Who would have thought that what began as a simple Isla Vista alternative to sloshball would have turned into this?
Former UCSB student Harry Nipple, the creator of the Keg-n-Board Olympics, could not imagine the successful sport that sprouted from his mind.
“I was just sitting around, smokin’ a doobie one afternoon when I was a sophomore, trying to figure out how to combine my two favorite activities, drinking beer and skating,” Mr. Nipple, now 37, said. “Somehow it just came to me – why not put a keg at the top of the ramp, and have the skaters pound a beer in between turning tricks?'”
It is from such humble beginnings that the K-n-B originated, right here in Isla Vista, starting with Mr. Nipple and his friends.
“Man, we would just get wasted and skate all day long,” Mr. Nipple said. “Eventually more people started showing up. Most people just wanted to watch, but some of our buddies wanted to skate, so we were like, ‘OK.’ I guess that was about 1982, but don’t quote me on that.”
Word quickly spread around campus and I.V. that a new sporting sensation was taking place, one that would provide an alternative to those students who preferred to shy away from the baseball diamond. Eventually skaters from all over the Southern and Central Coast were showing up to compete, and at that point it was obvious that Mr. Nipple and his friends had stumbled onto something even bigger than they could have imagined.
“When all those other dudes from who-knows-where started coming to our house to skate, we were like, ‘Maybe we could make some money off this shit,'” Mr. Nipple’s former best friend Hugh Johnson said.
And just like that, the K-n-B Olympics were created. The large number of available competitors allowed Mr. Nipple and Mr. Johnson to easily secure sponsorship for the event and even helped them to negotiate a lucrative television deal with the then fledgling station MTV.
But when the first games were televised in 1984, the public reaction was not what the games’ creators had hoped for.
“People were bitching all over the place, talking about how kids in I.V. were drinking underage and getting paid for it,” said former neighbor and current wife to Mr. Nipple, Ivona Nipple. “I still don’t know what their problem was. I mean, it wasn’t like anybody died out there.”
Except that someone did. It was 1990 and the Keg-n-Skate Olympics were gaining national popularity, with nothing seemingly standing in the way. But one fateful run by then UCSB junior Keith van Horney would change the booming sport.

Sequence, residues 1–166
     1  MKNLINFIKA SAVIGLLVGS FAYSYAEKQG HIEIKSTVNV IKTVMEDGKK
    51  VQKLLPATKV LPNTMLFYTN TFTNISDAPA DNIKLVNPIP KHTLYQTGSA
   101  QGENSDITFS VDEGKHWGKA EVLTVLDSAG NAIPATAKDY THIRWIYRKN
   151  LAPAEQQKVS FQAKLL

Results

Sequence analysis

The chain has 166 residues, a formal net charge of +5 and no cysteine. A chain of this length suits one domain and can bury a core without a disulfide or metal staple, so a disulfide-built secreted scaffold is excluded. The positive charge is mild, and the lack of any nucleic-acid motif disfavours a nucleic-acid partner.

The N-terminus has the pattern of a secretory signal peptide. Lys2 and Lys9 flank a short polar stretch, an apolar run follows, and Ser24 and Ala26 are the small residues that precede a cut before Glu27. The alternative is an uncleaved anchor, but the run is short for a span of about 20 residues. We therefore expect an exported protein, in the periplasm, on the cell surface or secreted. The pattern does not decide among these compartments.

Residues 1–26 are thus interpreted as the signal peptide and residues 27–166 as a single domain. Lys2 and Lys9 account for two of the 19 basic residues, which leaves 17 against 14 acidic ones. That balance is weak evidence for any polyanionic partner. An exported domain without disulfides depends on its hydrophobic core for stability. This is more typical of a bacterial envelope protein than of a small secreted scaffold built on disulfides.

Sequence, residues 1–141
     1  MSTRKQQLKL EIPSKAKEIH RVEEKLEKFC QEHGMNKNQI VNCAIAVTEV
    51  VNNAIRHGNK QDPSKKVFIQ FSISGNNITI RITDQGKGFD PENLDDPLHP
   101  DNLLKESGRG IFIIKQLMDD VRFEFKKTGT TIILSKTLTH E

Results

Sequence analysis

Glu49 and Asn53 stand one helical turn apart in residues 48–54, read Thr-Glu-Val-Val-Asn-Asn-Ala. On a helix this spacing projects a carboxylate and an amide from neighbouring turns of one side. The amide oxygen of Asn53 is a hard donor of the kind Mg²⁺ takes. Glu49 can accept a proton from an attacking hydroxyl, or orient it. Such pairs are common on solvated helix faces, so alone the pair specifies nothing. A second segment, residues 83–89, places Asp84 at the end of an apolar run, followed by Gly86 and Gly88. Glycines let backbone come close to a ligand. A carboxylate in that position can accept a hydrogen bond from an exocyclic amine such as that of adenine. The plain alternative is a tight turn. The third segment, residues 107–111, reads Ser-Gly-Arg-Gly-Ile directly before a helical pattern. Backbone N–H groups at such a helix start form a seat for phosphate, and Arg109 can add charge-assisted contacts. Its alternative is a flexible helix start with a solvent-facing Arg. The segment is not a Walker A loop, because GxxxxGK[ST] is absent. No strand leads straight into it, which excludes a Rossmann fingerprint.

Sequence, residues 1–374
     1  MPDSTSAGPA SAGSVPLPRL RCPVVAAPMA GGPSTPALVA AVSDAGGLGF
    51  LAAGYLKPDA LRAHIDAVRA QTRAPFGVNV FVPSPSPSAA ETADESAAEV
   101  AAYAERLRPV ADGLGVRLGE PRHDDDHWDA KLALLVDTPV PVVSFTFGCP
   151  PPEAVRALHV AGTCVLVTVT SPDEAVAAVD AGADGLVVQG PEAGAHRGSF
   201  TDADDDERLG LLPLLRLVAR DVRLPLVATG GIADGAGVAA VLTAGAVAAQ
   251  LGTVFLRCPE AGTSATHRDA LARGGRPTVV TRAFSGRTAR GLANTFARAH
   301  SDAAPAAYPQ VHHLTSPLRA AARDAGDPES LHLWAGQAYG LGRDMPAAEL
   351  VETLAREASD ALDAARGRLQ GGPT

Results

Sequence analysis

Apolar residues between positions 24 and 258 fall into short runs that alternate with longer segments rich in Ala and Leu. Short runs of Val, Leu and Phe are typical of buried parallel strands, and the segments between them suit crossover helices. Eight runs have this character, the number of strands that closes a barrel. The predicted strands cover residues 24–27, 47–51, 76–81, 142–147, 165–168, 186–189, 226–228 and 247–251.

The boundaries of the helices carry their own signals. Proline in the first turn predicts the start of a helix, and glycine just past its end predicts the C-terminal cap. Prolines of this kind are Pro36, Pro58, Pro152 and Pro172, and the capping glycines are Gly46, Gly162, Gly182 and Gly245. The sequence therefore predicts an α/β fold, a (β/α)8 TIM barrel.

“We told him he was too drunk to skate, but he just wouldn’t listen,” Mr. Johnson said, fighting back tears. “He just went up there, drank a beer and started to skate. But somehow he lost his balance, fell and hit his head, and before you knew it, Mr. Horney was no more.”
The death on national TV created a national outrage and brought attention to the alarming number of injuries suffered in the past. Beginning in January 1991, Mr. Johnson and the Nipples were forced to add extra safety measures, such as forcing all competitors to wear a helmet and making sure all skaters could stand unassisted before beginning their run.
“We really cleaned up our act after that,” Harry Nipple said. “We realized that life wasn’t all fun and games, and that sometimes, when you get drunk and start doing crazy shit, people can get hurt.”
Though it took the untimely death to start it, the revamping of the K-n-B rules has been a complete success. In the past 10 years, the Olympics have averaged only seven concussions a year, all while drinking almost 10 kegs at each competition.
This year now marks the Olympics’ 20th anniversary, and the games have never been better. Skaters and fans alike will flock from all over the country to just be a part of the K-n-B and be a part of history.
“I never thought it would get this big,” Mr. Johnson said. “We just wanted to get drunk and have some fun, but I guess that’s what a lot of people like to do. Now it’s time to get trashed and try not to get killed.”
And with that, Mr. Johnson, Mr. Nipple and Mrs. Nipple skate off into the sunset, trying not to lose their balance, or their lives.